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KOH mount/CFW staining was positive for fungal elements in 40% of cases (n = 48/120). On Gram staining, Gram-positive cocci in 7% (n = 8/120) of cases and Gram-negative bacilli in 2.5% (n = 3/120) of cases were seen. In one patient, on Gram stain, a cluster of ovoid spore-like structures was also seen resembling Microsporidia species. Growth in culture was obtained in 50% of cases (n = 60/120). Fungal growth in 26% (n = 31/120) of cases and bacterial growth in 22% (n = 27/120) of cases was obtained. In 2% (n = 2/120) of cases, scraping yielded significant growth of more than one species of fungi or growth of bacteria along with the fungus. Overall, infective etiology could be established in 51% (n = 61/120) of cases according to the predefined criteria. [Table 2] summarizes identified causative micro-organisms responsible for the infection.
Table 2: Distribution of identified pathogens from microbial keratitis cases in 1 year study period (n=64)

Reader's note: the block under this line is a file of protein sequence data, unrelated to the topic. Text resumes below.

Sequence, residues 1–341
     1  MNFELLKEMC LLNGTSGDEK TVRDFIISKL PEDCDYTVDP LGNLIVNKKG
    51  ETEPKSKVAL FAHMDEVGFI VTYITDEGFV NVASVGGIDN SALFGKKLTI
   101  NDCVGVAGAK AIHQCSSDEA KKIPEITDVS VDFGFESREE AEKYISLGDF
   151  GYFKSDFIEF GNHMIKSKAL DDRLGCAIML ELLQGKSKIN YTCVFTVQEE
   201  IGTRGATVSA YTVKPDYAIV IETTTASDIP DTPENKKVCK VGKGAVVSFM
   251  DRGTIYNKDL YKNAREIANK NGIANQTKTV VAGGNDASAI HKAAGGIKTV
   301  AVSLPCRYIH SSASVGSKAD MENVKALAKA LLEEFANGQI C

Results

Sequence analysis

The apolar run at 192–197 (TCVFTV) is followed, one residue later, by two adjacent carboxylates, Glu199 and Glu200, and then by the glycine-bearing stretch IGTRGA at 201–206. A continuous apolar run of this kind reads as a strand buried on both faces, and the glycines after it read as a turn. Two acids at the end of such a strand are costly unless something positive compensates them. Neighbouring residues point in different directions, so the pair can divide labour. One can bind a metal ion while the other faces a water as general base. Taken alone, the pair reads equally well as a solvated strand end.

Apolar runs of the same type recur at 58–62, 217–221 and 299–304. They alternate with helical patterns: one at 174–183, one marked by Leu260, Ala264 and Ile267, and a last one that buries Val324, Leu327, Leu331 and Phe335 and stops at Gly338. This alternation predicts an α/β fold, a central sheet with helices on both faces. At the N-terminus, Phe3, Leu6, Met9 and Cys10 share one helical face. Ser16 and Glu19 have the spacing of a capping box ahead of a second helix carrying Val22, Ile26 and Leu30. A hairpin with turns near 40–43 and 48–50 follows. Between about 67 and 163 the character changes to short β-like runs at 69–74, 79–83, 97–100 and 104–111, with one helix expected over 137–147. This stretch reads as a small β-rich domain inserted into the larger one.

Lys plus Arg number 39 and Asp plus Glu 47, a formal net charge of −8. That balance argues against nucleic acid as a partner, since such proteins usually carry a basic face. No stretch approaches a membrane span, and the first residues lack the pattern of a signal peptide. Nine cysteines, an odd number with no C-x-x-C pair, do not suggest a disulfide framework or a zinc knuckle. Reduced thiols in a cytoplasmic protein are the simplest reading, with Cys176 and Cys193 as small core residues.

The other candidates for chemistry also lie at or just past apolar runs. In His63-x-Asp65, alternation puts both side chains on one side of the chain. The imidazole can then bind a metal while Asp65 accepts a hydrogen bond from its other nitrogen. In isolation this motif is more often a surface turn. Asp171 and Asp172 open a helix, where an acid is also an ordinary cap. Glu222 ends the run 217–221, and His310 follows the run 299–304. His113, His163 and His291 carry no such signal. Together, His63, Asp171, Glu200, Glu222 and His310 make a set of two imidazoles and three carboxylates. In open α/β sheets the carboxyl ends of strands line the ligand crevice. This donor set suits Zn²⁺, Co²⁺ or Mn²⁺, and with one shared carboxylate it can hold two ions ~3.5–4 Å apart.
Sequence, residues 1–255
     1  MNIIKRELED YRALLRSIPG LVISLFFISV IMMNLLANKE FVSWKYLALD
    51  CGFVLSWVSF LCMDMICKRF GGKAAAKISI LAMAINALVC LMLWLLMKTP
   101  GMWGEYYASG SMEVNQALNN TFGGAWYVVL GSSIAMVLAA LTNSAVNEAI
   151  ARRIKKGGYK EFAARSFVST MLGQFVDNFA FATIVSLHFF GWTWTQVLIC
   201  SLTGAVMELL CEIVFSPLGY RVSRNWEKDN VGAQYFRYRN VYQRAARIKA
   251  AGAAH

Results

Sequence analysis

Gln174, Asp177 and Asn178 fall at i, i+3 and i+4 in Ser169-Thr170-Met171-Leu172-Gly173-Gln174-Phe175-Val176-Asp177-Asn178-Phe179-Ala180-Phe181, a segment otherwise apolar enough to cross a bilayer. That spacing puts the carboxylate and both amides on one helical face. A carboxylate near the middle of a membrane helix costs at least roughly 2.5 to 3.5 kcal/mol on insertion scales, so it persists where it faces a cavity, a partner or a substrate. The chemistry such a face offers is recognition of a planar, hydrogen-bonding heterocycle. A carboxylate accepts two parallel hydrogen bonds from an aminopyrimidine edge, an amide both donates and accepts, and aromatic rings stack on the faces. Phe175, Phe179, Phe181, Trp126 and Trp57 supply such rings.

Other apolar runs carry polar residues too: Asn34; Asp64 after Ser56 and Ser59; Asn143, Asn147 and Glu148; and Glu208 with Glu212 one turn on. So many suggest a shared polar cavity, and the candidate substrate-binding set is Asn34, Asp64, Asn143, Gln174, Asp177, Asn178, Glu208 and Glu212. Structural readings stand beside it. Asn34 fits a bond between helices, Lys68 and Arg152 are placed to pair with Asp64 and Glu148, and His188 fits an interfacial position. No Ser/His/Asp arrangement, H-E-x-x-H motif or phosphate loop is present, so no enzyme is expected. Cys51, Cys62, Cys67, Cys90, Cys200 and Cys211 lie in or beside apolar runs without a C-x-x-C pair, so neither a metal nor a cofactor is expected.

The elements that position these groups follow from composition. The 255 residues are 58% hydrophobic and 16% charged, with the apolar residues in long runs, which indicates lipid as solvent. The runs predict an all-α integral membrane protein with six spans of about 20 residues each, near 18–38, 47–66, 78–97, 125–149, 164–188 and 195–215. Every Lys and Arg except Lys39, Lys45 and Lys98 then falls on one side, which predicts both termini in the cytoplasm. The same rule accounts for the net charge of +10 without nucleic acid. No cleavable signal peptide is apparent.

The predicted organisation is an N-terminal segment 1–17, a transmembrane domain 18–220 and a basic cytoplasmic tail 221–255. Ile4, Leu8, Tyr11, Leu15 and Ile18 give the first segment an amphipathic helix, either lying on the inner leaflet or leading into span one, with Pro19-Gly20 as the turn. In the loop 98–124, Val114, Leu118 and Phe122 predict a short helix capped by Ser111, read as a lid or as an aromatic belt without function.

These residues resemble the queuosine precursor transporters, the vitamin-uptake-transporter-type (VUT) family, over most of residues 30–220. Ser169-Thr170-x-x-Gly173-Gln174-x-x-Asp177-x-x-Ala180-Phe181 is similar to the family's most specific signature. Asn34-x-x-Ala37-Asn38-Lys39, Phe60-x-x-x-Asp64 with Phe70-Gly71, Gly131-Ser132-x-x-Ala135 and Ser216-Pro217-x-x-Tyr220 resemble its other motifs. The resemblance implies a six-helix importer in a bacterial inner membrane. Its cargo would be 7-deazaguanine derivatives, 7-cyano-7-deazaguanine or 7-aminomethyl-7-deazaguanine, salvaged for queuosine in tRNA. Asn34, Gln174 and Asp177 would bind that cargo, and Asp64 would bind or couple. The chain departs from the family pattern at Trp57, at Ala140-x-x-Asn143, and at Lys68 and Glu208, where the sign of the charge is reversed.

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In the study, 41–60 was the most coon age group which is in concordance with studies from other parts of India.[2],[3] There was a male predominance which can be attributed to outdoor work done by them. Similar findings were reported by many authors.[4],[5] Patients engaged in agricultural work were more affected because of exposure to trauma. Trauma was the most significant risk factor observed. Agricultural practices in rural areas and humid environment in the state of Uttarakhand is favorable for the development of MK from minor trauma.[4]